The Chinese Paradisefish: never give up!

The Chinese or Roundtail Paradisefish (Macropodus ocellatus) has long been regarded as a rare jewel in the aquarium. That is a great pity, as this fish has much to offer the aquarist.

The story of the discovery of the Chinese Paradisefish dates back to 1842, when Theodore Cantor of Zhoushan (formerly Tschouschan or Tschusan, English Chusan) described the new species Macropodus ocellatus. Zhoushan is a group of islands off the east coast of China. The main island was occupied by the English in 1840, 1841, and 1860 and handed back only after the opening up of China for trade with Europe. Cantor (1809-1860), a Dane by birth, was a doctor and worked as a salaried employee of the powerful East India Company, which was responsible for the occupation of Zhoushan. He was interested mainly in amphibians and reptiles, and, for example, discovered and described the King Cobra (Ophiophagus hannah), the largest venomous snake in the world, in 1836, but he was also very well educated in biology in general. He authored a study of the animals and plants of Chusan, published in 1842, which contained inter alia the original description of the Chinese Paradisefish. He even had a very nice water-color made of the fish, which unfortunately cannot be shown here for copyright reasons. However Hans-Joachim Paepke was able to reproduce this water-color in 1994 in his monograph on paradisefishes, albeit unfortunately only in black and white, so you don’t need to travel to London to see the original in the British Library.
The world thus ultimately has an aggressive economic policy to thank for the discovery of the Chinese Paradisefish.

Let us continue with the history for a while. In 1869 the true Paradisefish, Macropodus opercularis, was the first exotic aquarium fish after the Goldfish to reach Europe and triggered a wave of enthusiasm. Perhaps the aquarium hobby as we know it today wouldn’t exist at all were it not for the Paradisefish, but of course that must remain a matter for speculation. But the fantastic appearance of the Paradisefish also gave rise to speculation: could such a colorful fish with such luxuriant finnage really exist in the wild? Many naturalists doubted it. Because the Paradisefish, just like, the Goldfish, originated from China, it was speculated that, like Veiltail and Co, it was a form cultivated by the Chinese.
But in that case what was the original form? It was thought that it might be the species Macropodus chinensis, described by the German doctor Marcus Eliser Bloch in 1790. But unlike the Paradisefish, which has a forked tail, Bloch’s engraving shows a round-tailed fish. When, in 1913, the first Roundtail Paradisefishes became available to the general public (in fact the species had first reached Germany back in 1893, but that was kept secret) they were identified as Macropodus chinensis and given the common name of Chinese Paradisefish.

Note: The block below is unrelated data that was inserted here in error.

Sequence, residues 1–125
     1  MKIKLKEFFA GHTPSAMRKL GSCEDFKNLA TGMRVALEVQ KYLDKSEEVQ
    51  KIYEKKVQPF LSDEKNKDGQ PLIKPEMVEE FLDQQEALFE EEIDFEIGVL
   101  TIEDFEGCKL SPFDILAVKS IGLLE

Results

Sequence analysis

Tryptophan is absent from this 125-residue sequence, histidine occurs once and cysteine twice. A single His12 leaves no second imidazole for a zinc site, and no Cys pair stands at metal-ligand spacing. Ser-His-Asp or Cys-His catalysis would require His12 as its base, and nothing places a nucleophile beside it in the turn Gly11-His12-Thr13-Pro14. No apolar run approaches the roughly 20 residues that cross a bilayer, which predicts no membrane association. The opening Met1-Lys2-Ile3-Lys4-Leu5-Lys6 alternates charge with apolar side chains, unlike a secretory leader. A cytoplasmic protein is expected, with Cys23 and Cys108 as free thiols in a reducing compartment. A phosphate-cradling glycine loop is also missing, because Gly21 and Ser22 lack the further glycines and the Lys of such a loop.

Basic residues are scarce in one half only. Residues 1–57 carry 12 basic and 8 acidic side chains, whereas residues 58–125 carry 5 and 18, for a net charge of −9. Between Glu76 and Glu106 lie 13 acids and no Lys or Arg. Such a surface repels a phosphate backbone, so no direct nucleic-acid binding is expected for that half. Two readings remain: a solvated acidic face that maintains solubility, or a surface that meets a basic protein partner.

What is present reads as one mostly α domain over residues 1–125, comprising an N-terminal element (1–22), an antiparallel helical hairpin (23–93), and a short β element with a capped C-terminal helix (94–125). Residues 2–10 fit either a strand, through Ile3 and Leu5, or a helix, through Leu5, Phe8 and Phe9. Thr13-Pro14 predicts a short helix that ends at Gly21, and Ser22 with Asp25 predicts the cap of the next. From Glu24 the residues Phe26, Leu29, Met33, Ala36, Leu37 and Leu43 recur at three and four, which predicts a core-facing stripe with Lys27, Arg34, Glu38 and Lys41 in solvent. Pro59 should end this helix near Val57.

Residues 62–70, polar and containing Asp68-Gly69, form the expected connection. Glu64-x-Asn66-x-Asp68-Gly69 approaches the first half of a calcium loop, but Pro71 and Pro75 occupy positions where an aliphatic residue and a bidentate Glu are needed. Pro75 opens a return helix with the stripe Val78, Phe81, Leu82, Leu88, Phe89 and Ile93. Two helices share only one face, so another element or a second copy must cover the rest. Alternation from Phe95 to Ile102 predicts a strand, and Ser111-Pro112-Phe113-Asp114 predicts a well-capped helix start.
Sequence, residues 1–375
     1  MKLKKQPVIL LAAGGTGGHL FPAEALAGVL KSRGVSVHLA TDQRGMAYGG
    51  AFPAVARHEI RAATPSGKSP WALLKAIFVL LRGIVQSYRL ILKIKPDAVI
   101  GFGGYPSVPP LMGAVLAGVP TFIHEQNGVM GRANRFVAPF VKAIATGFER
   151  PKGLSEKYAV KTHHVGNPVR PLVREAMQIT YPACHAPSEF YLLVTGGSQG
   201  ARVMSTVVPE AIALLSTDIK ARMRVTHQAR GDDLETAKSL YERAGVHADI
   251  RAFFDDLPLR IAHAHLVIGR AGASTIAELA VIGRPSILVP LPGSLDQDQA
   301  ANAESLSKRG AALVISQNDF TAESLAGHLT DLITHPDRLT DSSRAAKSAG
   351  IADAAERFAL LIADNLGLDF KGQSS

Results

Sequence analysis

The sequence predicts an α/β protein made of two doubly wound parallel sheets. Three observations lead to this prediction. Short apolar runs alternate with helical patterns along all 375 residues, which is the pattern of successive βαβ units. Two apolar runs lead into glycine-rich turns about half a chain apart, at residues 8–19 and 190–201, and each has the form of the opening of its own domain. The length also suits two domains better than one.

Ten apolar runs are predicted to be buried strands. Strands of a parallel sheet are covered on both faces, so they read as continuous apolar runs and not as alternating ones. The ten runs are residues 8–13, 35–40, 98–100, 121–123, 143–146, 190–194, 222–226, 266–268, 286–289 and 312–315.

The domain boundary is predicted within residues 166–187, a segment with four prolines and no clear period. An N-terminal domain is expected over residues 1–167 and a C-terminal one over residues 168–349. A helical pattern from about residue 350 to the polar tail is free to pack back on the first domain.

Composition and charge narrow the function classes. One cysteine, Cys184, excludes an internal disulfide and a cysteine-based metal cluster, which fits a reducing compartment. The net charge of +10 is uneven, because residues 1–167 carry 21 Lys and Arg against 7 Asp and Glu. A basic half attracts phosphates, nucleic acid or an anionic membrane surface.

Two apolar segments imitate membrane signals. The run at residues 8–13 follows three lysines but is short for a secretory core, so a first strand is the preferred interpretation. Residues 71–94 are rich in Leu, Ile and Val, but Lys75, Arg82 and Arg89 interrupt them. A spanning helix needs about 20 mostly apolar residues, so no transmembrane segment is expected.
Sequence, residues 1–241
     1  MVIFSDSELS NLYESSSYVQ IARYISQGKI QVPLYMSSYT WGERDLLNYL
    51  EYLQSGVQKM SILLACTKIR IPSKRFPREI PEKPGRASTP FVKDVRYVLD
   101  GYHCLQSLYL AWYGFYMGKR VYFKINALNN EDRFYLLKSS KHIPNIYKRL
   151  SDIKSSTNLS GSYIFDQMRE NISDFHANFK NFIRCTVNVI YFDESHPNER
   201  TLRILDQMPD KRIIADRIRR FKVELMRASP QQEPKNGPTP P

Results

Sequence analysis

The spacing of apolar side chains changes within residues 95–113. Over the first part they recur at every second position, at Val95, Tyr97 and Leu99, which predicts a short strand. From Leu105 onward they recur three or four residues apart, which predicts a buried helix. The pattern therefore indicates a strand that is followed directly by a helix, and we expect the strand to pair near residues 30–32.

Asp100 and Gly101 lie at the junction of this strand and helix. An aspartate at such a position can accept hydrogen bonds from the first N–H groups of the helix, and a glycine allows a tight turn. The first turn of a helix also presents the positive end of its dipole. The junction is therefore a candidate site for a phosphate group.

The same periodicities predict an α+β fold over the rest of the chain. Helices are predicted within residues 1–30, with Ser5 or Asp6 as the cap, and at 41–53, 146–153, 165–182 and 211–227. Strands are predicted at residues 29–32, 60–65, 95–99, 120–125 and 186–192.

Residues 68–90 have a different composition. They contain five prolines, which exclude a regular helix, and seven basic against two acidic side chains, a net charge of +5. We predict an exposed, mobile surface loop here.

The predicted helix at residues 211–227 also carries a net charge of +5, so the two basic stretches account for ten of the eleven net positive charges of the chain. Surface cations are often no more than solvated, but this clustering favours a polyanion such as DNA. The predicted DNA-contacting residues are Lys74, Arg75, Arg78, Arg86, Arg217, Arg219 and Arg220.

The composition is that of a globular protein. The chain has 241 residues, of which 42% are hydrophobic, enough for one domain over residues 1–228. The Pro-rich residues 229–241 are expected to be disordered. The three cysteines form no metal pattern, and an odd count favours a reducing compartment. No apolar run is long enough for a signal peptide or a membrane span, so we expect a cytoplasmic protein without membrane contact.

However, the Chinese Paradisefish remained largely unremarked and subsequently kept dying out in the aquarium hobby. Strange to relate, nobody wrote about the fantastic coloration of courting males.
It wasn’t till 1989 that Paepke was able to show that Bloch’s M. chinensis was just a Paradisefish with a damaged caudal fin, which is why the Chinese Paradisefish is now known to science as Macropodus ocellatus.

It wasn’t until 1983 that Chinese Paradisefishes reached Germany again, after apparently dying out completely during the Second World War. It was the Internationale Gemeinschaft für Labyrinthfische (= International Labyrinthfish Association, IGL) that managed to establish an aquarium strain, as the pet trade continued to show no interest in these fishes. Unfortunately Chinese Paradisefishes are very pale in color outside the breeding season and don’t look attractive. These first fishes for a long time were imported on private initiative. In 1984 I obtained some of the first captive-bred specimens. The gorgeous color photos of Hans Joachim Richter had aroused my enthusiasm and I had been a paradisefish fan since the 1970s when a pair of Paradisefishes spawned in one of my very first?aquaria.
Unfortunately, however, the Chinese Paradisefish proved extremely delicate. I believe that there are only a few fish species as susceptible to fish tuberculosis as Macropodus ocellatus. Fish tuberculosis is caused by a ubiquitous bacterium that can even cause skin lesions in humans under particularly unfavorable conditions – and is, by the way, the only noteworthy disease of ornamental fishes that can be transmitted to Man. It isn’t known why Chinese Paradisefishes were so susceptible to the pathogen back then. Although nobody was ever infected by them, who wants to keep fishes that sooner or later die covered in nasty ulcers? These fishes were once again in danger of dying out in the hobby. But then – and again nobody knows quite why – at some stage an aquarium strain of these lovely fishes became established that virtually never fell victim to tuberculosis. So this first recent imported strain of the Chinese Paradisefish reinforced the old saying: never give up!